Voters in Oklahoma approved a ballot measure making the state the 30th in the nation to allow broad access to medical marijuana.
The proposal, which was leading by a 57% to 43% margin with more than 98% of precincts reporting on Tuesday night, would allow doctors to recommend cannabis for any medical condition they see fit.
Most other state medical marijuana laws delineate a specific list of diseases and disorders for which physicians can authorize patients’ participation.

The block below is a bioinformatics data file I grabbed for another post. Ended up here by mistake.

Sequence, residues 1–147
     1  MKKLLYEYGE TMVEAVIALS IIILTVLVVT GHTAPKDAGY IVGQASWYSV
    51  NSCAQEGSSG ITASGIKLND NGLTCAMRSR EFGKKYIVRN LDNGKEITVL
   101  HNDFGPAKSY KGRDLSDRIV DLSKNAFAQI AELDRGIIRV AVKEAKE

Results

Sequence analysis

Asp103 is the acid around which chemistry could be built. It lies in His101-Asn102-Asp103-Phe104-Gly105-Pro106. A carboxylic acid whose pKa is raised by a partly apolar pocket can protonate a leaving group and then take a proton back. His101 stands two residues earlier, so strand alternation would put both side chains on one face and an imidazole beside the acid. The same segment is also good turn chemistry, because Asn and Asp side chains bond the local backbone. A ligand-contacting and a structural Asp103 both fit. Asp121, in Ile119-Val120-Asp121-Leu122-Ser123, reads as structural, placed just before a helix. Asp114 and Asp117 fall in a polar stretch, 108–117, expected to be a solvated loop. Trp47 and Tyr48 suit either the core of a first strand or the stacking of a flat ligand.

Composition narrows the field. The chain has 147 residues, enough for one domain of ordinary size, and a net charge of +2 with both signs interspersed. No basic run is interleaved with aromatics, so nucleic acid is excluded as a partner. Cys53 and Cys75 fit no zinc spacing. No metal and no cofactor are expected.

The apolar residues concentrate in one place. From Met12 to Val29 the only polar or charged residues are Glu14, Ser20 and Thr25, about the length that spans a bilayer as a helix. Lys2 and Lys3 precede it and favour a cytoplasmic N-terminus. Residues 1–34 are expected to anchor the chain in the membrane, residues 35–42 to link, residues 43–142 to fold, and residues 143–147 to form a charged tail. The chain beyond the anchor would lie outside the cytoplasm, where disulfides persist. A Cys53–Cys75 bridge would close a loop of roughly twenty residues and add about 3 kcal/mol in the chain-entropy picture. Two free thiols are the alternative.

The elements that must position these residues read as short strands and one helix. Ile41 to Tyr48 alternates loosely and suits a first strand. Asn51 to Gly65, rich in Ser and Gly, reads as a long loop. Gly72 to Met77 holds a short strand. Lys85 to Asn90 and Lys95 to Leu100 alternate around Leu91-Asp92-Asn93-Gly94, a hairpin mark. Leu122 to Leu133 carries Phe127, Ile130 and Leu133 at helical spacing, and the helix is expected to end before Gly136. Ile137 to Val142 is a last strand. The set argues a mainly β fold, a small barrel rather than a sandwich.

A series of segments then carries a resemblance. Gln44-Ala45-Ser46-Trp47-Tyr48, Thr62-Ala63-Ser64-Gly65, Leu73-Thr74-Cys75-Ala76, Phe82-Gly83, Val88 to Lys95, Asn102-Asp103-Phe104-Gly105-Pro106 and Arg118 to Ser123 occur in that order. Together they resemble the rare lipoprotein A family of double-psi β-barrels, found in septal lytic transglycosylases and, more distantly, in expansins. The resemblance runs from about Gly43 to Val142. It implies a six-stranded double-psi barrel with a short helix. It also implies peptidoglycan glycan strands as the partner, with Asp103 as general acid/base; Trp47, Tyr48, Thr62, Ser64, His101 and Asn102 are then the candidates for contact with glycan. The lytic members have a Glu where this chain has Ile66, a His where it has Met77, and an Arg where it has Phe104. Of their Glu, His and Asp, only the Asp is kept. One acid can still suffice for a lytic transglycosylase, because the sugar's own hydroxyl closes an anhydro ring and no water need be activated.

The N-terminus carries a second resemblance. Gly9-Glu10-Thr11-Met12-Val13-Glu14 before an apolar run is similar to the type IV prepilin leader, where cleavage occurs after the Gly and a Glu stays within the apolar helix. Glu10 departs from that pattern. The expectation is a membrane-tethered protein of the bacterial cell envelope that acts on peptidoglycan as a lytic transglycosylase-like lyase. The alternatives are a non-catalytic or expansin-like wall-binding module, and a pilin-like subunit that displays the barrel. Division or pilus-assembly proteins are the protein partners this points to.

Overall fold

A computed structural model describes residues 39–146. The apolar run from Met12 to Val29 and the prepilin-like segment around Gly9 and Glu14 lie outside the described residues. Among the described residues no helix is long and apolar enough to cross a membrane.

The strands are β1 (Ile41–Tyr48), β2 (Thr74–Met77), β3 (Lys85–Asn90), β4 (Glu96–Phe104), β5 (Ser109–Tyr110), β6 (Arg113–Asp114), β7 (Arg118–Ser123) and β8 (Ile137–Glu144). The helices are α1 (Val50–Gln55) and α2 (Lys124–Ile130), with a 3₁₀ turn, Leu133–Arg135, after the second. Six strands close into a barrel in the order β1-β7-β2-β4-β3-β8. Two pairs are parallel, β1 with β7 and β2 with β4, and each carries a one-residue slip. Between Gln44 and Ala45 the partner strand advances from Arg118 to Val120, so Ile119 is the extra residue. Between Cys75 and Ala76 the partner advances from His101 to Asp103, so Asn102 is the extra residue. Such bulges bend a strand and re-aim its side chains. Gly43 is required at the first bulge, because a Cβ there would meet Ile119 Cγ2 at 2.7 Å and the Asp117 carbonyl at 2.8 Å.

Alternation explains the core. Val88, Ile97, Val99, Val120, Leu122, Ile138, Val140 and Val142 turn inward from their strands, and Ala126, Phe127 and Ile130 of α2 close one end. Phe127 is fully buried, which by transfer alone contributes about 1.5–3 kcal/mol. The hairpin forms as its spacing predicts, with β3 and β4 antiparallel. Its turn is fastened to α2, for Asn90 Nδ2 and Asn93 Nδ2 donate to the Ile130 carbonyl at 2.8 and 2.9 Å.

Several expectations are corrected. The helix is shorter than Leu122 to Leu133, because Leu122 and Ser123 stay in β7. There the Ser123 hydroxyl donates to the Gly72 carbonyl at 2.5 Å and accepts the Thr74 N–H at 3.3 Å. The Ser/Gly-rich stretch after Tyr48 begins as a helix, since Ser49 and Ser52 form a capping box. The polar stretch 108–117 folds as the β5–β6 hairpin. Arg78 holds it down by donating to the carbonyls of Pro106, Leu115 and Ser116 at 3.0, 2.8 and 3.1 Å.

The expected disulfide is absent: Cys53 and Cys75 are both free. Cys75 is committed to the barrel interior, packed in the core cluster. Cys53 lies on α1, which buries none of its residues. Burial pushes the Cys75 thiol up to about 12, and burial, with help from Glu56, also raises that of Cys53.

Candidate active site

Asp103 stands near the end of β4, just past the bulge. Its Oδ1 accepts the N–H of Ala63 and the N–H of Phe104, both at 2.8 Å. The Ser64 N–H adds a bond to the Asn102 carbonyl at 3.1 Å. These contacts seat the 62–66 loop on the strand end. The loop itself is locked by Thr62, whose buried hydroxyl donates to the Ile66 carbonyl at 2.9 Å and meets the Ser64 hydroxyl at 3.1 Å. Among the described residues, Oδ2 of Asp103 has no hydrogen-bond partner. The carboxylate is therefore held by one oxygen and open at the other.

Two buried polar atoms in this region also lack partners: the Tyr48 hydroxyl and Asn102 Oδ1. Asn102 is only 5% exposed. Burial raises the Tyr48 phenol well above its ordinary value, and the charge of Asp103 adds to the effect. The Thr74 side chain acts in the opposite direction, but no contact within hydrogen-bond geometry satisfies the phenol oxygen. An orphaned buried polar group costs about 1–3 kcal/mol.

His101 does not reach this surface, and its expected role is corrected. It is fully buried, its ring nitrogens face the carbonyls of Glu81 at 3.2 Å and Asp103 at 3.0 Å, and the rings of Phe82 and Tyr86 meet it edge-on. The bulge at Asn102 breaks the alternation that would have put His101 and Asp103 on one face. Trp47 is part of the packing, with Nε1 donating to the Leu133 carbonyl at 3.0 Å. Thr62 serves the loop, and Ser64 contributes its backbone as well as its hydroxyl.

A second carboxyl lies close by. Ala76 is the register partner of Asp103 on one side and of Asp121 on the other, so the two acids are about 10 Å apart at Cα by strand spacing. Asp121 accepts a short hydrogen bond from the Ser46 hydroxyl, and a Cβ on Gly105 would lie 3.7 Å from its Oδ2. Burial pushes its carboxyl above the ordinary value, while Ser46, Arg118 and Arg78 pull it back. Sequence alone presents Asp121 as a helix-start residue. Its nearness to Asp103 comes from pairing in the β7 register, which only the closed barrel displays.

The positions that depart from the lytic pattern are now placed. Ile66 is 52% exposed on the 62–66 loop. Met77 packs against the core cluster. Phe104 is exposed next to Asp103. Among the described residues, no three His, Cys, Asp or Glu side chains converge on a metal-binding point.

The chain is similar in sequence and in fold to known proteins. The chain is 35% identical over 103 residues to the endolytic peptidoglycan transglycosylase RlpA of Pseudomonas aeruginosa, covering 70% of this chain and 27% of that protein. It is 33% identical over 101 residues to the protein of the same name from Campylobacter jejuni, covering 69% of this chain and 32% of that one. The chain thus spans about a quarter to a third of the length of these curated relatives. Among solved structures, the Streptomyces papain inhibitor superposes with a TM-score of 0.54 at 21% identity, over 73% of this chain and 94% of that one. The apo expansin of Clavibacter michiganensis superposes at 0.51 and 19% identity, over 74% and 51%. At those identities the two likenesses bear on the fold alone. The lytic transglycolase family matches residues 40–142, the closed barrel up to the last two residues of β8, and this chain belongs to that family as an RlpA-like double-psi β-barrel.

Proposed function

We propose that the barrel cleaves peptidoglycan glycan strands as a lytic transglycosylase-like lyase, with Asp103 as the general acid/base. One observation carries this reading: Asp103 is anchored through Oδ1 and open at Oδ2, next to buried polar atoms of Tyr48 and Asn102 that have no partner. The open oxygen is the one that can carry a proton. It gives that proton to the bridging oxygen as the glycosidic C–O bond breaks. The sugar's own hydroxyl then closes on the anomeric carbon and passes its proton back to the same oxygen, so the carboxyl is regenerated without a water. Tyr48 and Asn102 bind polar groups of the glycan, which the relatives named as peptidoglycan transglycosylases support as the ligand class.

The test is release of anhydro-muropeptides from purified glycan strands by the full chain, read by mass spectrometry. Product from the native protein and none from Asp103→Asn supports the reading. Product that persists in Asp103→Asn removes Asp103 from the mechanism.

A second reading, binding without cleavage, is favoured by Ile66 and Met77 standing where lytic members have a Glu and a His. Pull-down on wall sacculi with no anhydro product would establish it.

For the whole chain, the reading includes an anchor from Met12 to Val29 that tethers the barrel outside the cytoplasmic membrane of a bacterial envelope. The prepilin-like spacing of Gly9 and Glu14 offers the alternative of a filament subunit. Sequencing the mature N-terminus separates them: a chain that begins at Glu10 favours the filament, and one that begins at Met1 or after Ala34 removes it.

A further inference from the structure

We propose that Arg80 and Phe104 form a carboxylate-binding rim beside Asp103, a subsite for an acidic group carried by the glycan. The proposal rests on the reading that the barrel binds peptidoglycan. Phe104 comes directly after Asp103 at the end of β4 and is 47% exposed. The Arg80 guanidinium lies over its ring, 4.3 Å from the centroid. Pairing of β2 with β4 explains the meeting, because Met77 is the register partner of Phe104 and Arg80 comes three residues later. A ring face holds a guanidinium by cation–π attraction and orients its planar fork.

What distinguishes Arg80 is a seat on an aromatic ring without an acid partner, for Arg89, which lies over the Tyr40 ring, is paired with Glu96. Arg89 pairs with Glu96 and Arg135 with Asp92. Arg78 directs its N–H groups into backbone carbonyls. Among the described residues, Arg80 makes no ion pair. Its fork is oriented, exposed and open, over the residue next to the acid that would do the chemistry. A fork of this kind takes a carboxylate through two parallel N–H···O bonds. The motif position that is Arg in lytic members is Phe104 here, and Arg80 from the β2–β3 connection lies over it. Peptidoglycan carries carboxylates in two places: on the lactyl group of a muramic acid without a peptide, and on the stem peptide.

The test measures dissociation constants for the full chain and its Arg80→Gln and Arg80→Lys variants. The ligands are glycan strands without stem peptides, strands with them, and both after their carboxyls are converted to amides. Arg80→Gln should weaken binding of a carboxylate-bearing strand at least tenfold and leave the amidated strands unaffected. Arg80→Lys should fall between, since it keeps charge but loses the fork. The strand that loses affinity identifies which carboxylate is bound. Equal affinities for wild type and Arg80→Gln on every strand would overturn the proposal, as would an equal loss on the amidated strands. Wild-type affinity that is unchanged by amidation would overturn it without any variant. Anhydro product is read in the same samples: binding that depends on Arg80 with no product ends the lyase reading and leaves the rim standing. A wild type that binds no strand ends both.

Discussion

The approval of such a far-reaching marijuana proposal in a deeply red state like Oklahoma — during a midterm primary election, no less — is a clear sign of the mainstream political support that cannabis reform now enjoys.
The campaign didn’t appear to have significant funding from major national drug policy reform groups that have helped to pass measures in other states over several past election